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Letsholonyane celebrates Mosimane's role in 2010 World Cup: 'He's up there with the best in the world'

11 June 2020 - 11:29 By Mahlatse Mphahlele
Pitso Mosimane was Carlos Alberto Parreira's assistant at the 2010 Fifa World Cup in South Africa and the Kagiso-born coach is credited with playing a linking role between the Brazilian coach and the Bafana Bafana players.
Pitso Mosimane was Carlos Alberto Parreira's assistant at the 2010 Fifa World Cup in South Africa and the Kagiso-born coach is credited with playing a linking role between the Brazilian coach and the Bafana Bafana players.
Image: Sydney Seshibedi

Former Bafana Bafana midfielder Reneilwe “Yeye” Letsholonyane has showered praise on coach Pitso Mosimane and given insight into the ‘huge role’ the irrepressible Mamelodi Sundowns mentor played in the national team during the 2010 Fifa World Cup.

Thursday marks exactly a decade since the start of the global showpiece at FNB Stadium and Letsholonyane said Mosimane was a reliable link between the players and coach Carlos Alberto Parreira.

The Sundowns coach has risen to become one of the most revered figures in world football in the last decade and was Parreira's assistant together with Jairo Leal during the World Cup.

“Coach Pitso played a very huge role as the link between the players and coach Parreira‚” said Letsholonyane.

The veteran midfielder played in the opening two matches against Mexico and Uruguay and was an unused substitute in the last match against France.

Bafana drew 1-1 with Mexico in the tournament opening match at FNB Stadium‚ then fell 3-0 to Uruguay at Loftus in their second outing and finally bowed out of the event in the group stages despite a 2-1 win over France at the Free State Stadium.

Letsholonyane said Mosimane was extremely important as Brazilian Parreira was not fluent in English.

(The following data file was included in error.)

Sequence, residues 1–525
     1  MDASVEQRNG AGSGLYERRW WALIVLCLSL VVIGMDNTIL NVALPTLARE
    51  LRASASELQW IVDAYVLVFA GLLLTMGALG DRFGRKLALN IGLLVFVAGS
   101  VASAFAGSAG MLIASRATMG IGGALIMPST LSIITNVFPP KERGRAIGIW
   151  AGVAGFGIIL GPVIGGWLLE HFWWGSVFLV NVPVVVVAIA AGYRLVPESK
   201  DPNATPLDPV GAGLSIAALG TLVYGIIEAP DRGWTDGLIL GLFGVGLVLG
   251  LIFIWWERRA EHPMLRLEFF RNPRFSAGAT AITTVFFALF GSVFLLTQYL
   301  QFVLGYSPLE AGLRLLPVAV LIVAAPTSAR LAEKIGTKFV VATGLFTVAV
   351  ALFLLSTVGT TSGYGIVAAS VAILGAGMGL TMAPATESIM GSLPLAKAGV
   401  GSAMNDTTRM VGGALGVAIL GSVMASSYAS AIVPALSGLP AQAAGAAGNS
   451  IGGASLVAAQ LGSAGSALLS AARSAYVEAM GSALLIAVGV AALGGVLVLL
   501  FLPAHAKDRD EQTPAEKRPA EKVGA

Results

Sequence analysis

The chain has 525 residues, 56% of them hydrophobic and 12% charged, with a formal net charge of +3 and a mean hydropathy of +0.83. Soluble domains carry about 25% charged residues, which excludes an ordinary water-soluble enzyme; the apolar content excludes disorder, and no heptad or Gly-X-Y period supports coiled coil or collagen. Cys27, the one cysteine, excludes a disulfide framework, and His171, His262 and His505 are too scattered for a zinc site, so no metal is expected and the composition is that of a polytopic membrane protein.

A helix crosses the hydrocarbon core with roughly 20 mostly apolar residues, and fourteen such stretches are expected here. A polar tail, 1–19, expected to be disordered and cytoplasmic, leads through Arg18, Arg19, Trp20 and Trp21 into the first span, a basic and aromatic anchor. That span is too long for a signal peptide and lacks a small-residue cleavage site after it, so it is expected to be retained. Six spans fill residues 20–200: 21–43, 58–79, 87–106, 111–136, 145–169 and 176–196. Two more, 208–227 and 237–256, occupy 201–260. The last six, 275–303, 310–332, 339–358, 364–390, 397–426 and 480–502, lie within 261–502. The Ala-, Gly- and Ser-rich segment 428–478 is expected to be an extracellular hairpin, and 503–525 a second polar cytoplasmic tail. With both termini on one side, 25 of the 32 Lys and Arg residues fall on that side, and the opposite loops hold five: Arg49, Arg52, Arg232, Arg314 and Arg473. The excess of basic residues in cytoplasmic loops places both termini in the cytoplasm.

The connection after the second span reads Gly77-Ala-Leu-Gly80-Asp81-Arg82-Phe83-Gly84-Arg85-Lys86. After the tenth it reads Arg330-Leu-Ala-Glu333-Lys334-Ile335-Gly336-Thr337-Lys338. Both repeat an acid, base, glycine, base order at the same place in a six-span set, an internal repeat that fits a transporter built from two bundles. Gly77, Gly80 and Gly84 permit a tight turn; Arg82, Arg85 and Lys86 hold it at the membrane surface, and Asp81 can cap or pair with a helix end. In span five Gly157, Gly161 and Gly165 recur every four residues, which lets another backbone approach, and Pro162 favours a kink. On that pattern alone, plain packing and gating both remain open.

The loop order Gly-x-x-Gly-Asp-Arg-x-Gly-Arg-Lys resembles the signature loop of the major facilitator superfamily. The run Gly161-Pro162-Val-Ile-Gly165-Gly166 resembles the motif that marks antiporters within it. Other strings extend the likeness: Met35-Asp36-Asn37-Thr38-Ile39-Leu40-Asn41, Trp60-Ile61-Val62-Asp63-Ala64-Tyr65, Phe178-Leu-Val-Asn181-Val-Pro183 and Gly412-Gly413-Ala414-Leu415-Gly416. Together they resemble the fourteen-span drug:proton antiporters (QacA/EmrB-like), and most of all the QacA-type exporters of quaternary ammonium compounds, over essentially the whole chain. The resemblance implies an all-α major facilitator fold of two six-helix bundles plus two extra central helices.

“You must remember that Parreira was not fluent in English and sometimes he would want to say something but we didn’t completely understand‚" he said.

"So it was coach Pitso who would step in on the field or during one-on-one sessions to explain to us (as players) in simple terms.

"In my view‚ that was very important because there were no grey areas‚ which could have led to confusion.

"That synergy made things easy for players to grasp things and understand what expected from us from coach Parreira.

“Obviously all the players respected coach Parreira but coach Pitso understood us very well as a South African who is from Kasi (township)‚ and he had already played and coached in SA and also played overseas.

"We related to him (Mosimane) in important things like language‚ the lifestyle and he knew us very well as individuals.

"That helped coach Parreira to fully understand our mentality and because of that he managed to make us better players.

"The whole system worked very well and one of the most important people was coach Pitso.”

Letsholonyane added that what helped was also the fact that Parreira didn’t want to change the South African style of playing where players likes to express themselves.

“He is a very good coach who knows football very well. Tactically and technically he is up there with the best in the world and you could see his experience at training.

"He didn’t really change the South African style of play but he focused on improving how we play so that we can become better players.”

Letsholoyane revealed that he felt the pressure building as the tournament drew closer in 2010.

“Definitely‚ I felt the pressure and huge responsibility on my shoulders as an individual.

"As the opening game drew closer‚ I realized that there was no place to hide and we just have to go out there and represent our country.

"Pressure was heavy but there was no way out of it‚ the World Cup was here and South Africans wanted to be represented in the best possible way.

“It didn’t really talk much about the pressure that I was feeling‚ I focused on sticking to my usual routines at training sessions and video sessions and strangely I slept very well the night before the match.

"This is despite the fact that I knew the night before that I was going to start because they told us the night before the game.

“On the morning of the opening game it was breakfast and you had a short window to relax in the room.

"Then there was another team meeting followed by lunch and then we went to the stadium.

"It was when I realised that the day had arrived and there was no turning back.

"What we have been preparing for the past few months had arrived‚ I just had to focus on what was in front of me.

“The mood was good and it was a high spirited camp.

"For most of us it was the first time we were in a World Cup squad and it was good to see that everyone in the country was happy to witness the tournament for the first time on the continent.”